E.A. Sports Today

Making a difference

Former Auburn linebacker Eltoro Freeman looking to expand reach of his message to youth to this part of the state

By Al Muskewitz
East Alabama Sports Today

Eltoro Freeman’s life changed the minute he got the call calling him back into pro football. Call it a light bulb moment.


The former Auburn and NFL linebacker had been out of the game for three years teaching middle school and working with local youth when a head coach from the CFL reached out asking if he’d like to get back in the game.

“He was sitting there watching my tape and told me you have a great reputation at the linebacker position we like,” Freeman said, recalling the conversation.

A short time later he shared the conversation with his brother and that’s when the light bulb went on. Reputation. Everyone has a reputation and they put it on the line every time they do something. That was the motivation to keep Freeman going.

He took the coach up on his offer and played with the Saskatchewan Roughriders until the player whose spot he was chosen to fill returned to the team from the NFL. As an American in a Canadian league, he was the odd man out – but the idea of a reputation on the line always stuck with him.

That’s the message he spreads today traveling the state speaking with high school athletes and other groups inspiring them to do the right thing.

ROTL – Reputation on the Line – is the name of Freeman’s mission. He puts it on his business cards, promotional material and even the weekly awards he doles out to deserving high school students – athletes and non-athletes alike – not only for a job well done on the field but in life as well.

“In 2011 I found my purpose in life,” he said. “It was (to) inspire and motivate. I really believe that’s why I’m here on this earth. That’s my duty for however long I have from here.

“When you discover your purpose and you understand why you’re here on this earth and it’s revealed to you … it feels better than making 100 tackles in the NFL.”

If the drive to maintain his reputation could motivate him to stay grounded and disciplined, he was sure it could be a benefit to others.

The message started humbly enough on the T-shirt – ROTL – he always wore during his workouts. People saw it, wondered about the message and as he explained it to them, it caught on. Soon, he was making the shirts available to anyone who wanted them.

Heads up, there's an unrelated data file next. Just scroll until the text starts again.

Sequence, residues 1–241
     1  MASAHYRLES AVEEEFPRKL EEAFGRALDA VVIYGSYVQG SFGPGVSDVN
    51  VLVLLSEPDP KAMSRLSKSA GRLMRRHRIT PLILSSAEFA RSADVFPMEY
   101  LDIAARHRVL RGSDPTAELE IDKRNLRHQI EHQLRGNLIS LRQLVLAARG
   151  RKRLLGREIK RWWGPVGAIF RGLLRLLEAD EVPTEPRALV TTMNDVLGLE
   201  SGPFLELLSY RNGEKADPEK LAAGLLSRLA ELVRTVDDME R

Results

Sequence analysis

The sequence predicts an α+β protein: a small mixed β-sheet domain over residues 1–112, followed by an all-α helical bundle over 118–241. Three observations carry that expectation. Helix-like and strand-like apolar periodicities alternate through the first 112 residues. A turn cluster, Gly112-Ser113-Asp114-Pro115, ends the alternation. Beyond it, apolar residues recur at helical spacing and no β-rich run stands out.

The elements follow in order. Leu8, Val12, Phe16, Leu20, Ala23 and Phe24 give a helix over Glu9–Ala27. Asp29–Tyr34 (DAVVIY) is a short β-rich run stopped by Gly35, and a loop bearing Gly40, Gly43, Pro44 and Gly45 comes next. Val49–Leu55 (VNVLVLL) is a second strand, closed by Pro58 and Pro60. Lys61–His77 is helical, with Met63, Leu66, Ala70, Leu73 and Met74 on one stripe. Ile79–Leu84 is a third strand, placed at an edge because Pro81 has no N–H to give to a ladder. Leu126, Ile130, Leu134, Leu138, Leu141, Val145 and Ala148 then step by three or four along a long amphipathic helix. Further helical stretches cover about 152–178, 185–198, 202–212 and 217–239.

It started with one shirt. Then he started going around the neighborhood getting friends and relatives to hold up the shirt for a picture he’d post on social media. Then he started asking the shirt-holders what Reputation on the Line meant to them.

“It went really, really well,” he said.

He was starting to have an impact. Suddenly people would start recognizing him not as “The Bull” but ROTL. (Fun fact: put the letter O at the front of the abbreviation and an E at the end and backwards it spells Eltoro).

He went full-bore with ROTL in August 2019 and his first audience was his Benjamin Russell Middle School students. Today, he speaks to groups in Lee, Tallapoosa and Talladega counties and is looking to expand in Alabama, eventually taking it throughout the Southeast and beyond.

“It has definitely grown and it is definitely time (to expand),” he said. “There are so many kids being left behind.”

Last year he recognized more than 100 youth and he personally delivers the ROTL plaques that go to weekly honorees. Before he selects the winner he reaches out to the finalists’ coach or extra-curricular director and a random core class teacher, so it’s not just limited to athletic achievement.

“I want to create something for the best student or athletes,” he said, “because I want them to understand that if you are a great athlete that has an expiration date no matter how good you may be, but your character is going to last a lifetime.

“On the flipside, I want the kid to understand that they may not be the most athletic, but they put in the work in the classwork, they put in the work on the football field, and not only make themselves better but make their teammates better. They don’t get any kind of spotlight, but they are preparing themselves to be really great men in life.”His message resonates, he said, because he has been where many of the youth he serves are in their lives and faced some of the same distractions and pressures.

One of his most endearing success stories involves an athlete who was great on the field, but faced challenges outside the locker room. Freeman met with him and as a result of their interaction the athlete got his priorities in order and eventually went on to a school in South Carolina where he is still playing.

“The main thing is I want to motivate every student-athlete to be the best at what they do and be mindful of their character and get them to understand your character is the most important thing,” he said. “When God calls you home your character is something people still talk about and you want to leave a mark that has a positive impact.”

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